“If the US has someone whom historians will look back on as the gravedigger of American democracy, it is Mitch McConnell.”
Usually, comparisons between Donald Trump’s America and Nazi Germany come from cranks and internet trolls. But a new essay in the New York Review of Books pointing out “troubling similarities” between the 1930s and today is different: It’s written by Christopher Browning, one of America’s most eminent and well-respected historians of the Holocaust. In it, he warns that democracy here is under serious threat, in the way that German democracy was prior to Hitler’s rise — and really could topple altogether.
Browning, a professor emeritus at the University of North Carolina, specializes in the origins and operation of Nazi genocide. His 1992 book Ordinary Men, a close examination of how an otherwise unremarkable German police battalion evolved into an instrument of mass slaughter, is widely seen as one of the defining works on how typical Germans became complicit in Nazi atrocities.
So when Browning makes comparisons between the rise of Hitler and our current historical period, this isn’t some keyboard warrior spouting off. It is one of the most knowledgeable people on Nazism alive using his expertise to sound the alarm as to what he sees as an existential threat to American democracy.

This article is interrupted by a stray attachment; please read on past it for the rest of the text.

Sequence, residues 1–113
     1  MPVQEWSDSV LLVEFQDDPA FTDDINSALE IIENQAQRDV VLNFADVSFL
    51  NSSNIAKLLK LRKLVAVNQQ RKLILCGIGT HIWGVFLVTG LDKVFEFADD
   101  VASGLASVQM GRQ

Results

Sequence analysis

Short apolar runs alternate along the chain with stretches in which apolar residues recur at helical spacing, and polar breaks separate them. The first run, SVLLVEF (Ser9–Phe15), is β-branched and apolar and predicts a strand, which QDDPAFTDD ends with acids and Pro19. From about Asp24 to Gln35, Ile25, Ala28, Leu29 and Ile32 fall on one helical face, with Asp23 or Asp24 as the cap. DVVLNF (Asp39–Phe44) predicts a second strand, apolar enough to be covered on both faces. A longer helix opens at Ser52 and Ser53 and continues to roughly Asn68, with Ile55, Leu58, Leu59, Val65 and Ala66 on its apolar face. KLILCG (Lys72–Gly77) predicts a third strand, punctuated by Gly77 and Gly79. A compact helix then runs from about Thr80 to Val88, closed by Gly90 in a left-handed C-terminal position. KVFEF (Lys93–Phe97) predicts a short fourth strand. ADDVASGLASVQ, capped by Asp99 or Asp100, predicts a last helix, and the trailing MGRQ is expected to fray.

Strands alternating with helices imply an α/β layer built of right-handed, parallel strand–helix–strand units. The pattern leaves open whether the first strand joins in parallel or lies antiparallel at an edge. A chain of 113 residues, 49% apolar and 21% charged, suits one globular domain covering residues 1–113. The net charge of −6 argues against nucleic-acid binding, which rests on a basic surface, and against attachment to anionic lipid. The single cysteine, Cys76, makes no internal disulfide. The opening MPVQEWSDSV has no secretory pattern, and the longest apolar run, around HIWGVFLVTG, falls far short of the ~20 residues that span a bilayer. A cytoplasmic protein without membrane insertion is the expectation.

Browning’s essay covers many topics, ranging from Trump’s “America First” foreign policy — a phrase most closely associated with a group of prewar American Nazi sympathizers — to the role of Fox News as a kind of privatized state propaganda office. But the most interesting part of his argument is the comparison between Senate Majority Leader Mitch McConnell and Paul von Hindenburg, the German leader who ultimately handed power over to Hitler.
Here’s how Browning summarizes the history . . .